One of our friends with real estate connections managed to snag a luxury house at a low price that had just been vacated by a foreign official who’d fled back to his home country after the Covid outbreak. About ten of us moved in and turned it into our own venue for exploring our interests. Music, drug exploration, communal sex and artistic creation took place 24/7. I finished most of the Neo-Decadent manifestos during this period. We made some of the rent back by charging high admission to very detailed parties advertised on a guerrilla basis.

 

After several police raids and some extensively ludicrous drama, we eventually lost the house, but the club promotions continue to this day. Hit me up if you’re in Tokyo and I’ll show you some events.

 

Old transgressive forms are definitely “out” in the Justin Isis logo-verse, but you’ve talked a lot about the importance of drugs, sex and occultism for the project of Neo-Decadence and your own work. Why should we all be on that piff?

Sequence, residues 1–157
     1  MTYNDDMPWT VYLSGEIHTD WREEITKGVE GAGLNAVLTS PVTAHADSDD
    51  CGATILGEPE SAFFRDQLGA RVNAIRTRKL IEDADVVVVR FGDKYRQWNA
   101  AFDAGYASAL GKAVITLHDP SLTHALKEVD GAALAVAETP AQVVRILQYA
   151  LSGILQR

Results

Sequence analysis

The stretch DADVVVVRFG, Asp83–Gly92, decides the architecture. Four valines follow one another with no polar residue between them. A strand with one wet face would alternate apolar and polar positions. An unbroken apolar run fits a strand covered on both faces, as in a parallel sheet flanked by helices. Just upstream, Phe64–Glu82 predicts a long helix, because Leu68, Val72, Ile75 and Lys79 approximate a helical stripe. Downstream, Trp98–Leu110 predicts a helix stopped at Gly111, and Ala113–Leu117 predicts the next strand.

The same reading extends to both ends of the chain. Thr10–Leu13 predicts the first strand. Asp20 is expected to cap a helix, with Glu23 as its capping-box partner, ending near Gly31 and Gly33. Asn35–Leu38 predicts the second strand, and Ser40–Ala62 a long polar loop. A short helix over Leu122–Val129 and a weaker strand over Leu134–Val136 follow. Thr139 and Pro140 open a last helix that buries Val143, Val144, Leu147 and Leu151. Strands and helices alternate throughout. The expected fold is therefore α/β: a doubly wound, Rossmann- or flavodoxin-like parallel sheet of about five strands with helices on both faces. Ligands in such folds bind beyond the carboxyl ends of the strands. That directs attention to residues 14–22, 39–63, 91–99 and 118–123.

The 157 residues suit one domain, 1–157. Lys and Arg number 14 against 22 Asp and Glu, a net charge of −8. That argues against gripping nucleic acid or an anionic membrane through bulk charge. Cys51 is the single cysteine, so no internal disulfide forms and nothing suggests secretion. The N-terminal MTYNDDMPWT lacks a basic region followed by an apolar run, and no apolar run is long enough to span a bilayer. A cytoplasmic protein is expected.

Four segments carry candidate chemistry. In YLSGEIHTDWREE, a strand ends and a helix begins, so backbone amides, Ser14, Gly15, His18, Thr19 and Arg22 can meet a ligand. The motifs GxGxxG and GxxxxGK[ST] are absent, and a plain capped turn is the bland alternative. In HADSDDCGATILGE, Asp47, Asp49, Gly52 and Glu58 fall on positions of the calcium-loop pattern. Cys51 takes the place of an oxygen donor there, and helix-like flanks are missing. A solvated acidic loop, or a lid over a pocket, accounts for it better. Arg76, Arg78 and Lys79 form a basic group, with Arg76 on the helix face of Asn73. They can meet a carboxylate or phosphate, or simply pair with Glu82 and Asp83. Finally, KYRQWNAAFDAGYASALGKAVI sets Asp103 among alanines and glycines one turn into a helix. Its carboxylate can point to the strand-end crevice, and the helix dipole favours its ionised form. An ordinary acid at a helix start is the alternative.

Occultism seems the most important at the moment, just because people are liable to underestimate the discipline needed to get anywhere with it. It’s much closer to maintaining a consistent gym routine than it is to launching into a mental flight of fancy. If you’re not engaged daily with something like the G∴D∴ or A∴A∴ curriculum, this will probably seem counterintuitive. But it’s absolutely necessary to be an occultist to get anywhere with interesting writing in the 2020s. Why is this the case? Because writers with greater perceptive faculties tend to produce more interesting writing. It’s similar to the way a writer with very clear vision is going to produce better ekphrastic writing than one who’s blind. So, I’m obviously going to prioritize a fiction writer who’s consistently doing astral work and engaging with the Enochian system over one who isn’t. I’d encourage people to Google my interview with Damian Murphy for more on the coming wave of occult fiction. (here – BD)